(United Kingdom, 1936) is the author of novels and poetry. She studied at Cambridge, taught at the Central School of Art and Design and was a lecturer in English and American literature at University College London before becoming a fulltime writer in 1983. She received the Booker Prize for her novel Possession (1990). Other works are The Children's Book (2009) and Ragnarok (2011), and literary criticism such as Passions of the Mind (1991). Byatt is a regular contributor to newspapers and journals such as The Guardian and The Times Literary Supplement.(2016)
Archive available for: A.S. Byatt
'I think of writing simply in terms of pleasure'. Writing is the most important thing in the life of the 2016 Erasmus Prize-laureate A.S. Byatt. Making things, constructing the form of a book or an essay gives her a peculiar aesthetic pleasure. And pleasure is the topic that the Oxford brain researcher Morten Kringelbach is specialised in. He tries to determine where in the brain pleasure is hidden. Writer and journalist Bas Heijne interviews the writer and the scientist on the process of writing and the role of pleasure.
Is it possible to indicate the exact spot in the brain of A.S. Byatt where her pleasure is hidden? What happens inside her head during the hours she is writing, showing empathy with her characters? What makes her, according to Morten Kringelbach, such an excellent writer on emotion and the brain?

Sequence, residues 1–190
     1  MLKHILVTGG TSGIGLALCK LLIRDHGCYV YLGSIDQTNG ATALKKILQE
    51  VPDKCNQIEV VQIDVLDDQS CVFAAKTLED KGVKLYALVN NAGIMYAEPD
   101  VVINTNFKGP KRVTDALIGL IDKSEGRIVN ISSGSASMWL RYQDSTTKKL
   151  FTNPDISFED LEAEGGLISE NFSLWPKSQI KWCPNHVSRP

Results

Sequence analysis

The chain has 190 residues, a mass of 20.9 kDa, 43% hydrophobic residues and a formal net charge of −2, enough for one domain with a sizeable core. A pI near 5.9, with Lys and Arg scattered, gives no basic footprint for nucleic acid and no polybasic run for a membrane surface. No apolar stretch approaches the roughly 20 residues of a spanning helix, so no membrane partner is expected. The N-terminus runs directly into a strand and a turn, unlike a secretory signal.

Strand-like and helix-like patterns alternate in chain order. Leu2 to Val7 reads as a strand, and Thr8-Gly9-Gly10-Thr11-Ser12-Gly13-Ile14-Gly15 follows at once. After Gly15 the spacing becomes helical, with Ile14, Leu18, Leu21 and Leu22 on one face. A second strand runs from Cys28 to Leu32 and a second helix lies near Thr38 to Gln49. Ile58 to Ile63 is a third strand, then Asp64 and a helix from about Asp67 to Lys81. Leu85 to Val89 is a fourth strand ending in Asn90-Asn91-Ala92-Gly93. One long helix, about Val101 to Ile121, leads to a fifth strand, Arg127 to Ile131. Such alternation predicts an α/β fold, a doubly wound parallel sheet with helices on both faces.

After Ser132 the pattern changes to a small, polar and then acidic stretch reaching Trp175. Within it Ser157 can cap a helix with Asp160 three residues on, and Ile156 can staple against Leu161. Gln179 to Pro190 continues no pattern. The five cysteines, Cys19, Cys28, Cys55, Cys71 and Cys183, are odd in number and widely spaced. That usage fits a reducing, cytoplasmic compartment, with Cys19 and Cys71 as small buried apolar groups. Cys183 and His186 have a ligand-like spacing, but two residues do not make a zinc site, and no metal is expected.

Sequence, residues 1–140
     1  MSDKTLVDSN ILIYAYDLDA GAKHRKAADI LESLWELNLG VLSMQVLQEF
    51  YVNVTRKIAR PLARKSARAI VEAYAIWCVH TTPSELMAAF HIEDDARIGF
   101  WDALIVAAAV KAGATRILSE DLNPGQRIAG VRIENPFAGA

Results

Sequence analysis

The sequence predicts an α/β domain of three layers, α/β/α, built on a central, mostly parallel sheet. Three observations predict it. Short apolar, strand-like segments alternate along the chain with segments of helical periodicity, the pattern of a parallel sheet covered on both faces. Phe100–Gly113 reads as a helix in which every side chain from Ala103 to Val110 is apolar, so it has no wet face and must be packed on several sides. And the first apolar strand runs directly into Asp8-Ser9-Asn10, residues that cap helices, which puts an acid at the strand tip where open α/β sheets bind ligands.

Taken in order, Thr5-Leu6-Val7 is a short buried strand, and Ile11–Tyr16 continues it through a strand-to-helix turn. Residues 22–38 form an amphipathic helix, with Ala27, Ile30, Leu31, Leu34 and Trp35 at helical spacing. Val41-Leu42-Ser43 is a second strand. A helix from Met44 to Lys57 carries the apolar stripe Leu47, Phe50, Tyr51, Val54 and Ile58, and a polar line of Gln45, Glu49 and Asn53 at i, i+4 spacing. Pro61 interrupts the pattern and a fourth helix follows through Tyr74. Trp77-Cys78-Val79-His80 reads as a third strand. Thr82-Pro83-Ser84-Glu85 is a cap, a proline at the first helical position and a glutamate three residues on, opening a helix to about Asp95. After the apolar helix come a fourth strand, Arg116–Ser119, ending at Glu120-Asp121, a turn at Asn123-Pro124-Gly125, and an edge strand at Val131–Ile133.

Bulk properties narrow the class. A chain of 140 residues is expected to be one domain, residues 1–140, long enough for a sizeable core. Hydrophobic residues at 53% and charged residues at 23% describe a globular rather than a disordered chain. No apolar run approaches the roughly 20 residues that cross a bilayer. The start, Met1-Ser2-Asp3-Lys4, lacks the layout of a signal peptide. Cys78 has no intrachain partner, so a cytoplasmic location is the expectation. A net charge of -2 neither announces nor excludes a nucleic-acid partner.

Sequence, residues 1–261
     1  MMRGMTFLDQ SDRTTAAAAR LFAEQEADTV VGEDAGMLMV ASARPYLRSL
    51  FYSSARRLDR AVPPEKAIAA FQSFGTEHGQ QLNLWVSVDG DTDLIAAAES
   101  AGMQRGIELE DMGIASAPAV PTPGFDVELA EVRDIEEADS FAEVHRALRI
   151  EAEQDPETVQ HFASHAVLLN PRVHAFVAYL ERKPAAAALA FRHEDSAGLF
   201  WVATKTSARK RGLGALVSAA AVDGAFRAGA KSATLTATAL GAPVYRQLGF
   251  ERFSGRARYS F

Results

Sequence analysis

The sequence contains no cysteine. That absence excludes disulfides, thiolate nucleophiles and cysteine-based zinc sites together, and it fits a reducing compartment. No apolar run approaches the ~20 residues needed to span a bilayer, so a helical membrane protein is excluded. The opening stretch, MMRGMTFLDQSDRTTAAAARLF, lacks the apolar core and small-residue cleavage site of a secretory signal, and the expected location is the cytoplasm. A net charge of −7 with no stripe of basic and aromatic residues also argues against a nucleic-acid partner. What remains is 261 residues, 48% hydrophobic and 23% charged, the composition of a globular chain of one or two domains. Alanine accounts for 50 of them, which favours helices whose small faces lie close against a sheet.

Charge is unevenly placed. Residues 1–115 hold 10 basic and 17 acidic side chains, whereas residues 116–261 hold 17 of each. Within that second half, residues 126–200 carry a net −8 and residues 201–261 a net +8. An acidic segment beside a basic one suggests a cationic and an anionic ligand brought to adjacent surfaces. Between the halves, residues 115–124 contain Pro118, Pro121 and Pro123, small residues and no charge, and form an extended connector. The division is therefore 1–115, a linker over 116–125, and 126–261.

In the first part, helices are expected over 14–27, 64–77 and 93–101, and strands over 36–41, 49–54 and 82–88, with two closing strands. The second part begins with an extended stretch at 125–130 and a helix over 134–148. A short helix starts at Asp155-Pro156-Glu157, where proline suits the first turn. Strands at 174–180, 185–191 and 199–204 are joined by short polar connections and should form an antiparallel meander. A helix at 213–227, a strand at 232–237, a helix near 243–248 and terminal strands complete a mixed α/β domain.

A.S. Byatt has won the Erasmus Prize of 2016, for her exceptional contribution to arts and culture. The Booker prize-winning novelist was cited by the judges for "her inspiring contribution to 'life writing', a literary genre that encompasses historical novels, biographies and autobiographies", and which she has "reshaped in her own way". The judges described Byatt "as a born storyteller with a keen eye for relations in public and private life". In novels such as the Booker-winning Possession and The Biographer's Tale, Byatt "explores the act of writing a biography or conducting research", the citation continues, praising how in her "wide-ranging body of work she unites great erudition with an unbridled pleasure in writing and imaginative power".
Morten Kringelbach is the director of Hedonia, a transnational research group based in Oxford, UK and Aarhus, Denmark. He is a Senior Research Fellow in the Department of Psychiatry, University of Oxford and a Professor at Aarhus University, Denmark, as well as Senior Research Fellow and College Lecturer in Neuroscience at The Queen's College, University of Oxford.
Moderator Bas Heijne writes essays, short stories, and plays, and is a columnist with the daily newspaper NRC Handelsblad. In his work he analyses how the great expectations of the post-WWII era have given way to individualism and xenophobia. In 2011 he published Moeten wij van elkaar houden, het populisme ontleed (Do We Have to Love One Another? Populism Dissected), followed by Angst en schoonheid (Fear and Beauty) in 2013, an essay about Dutch writer Louis Couperus, whom Heijne admires. In 2015 he hosted the five-part documentary De volmaakte mens (The Perfected Human) for Dutch public television. In 2016 his essay Onbehagen nieuw licht op de beschaafde mens (Discontent - new light on civilized man) was published.
An evening in English, supported by Foundation Premium Erasmianum. Curated by Liliane Waanders (Writers Unlimited).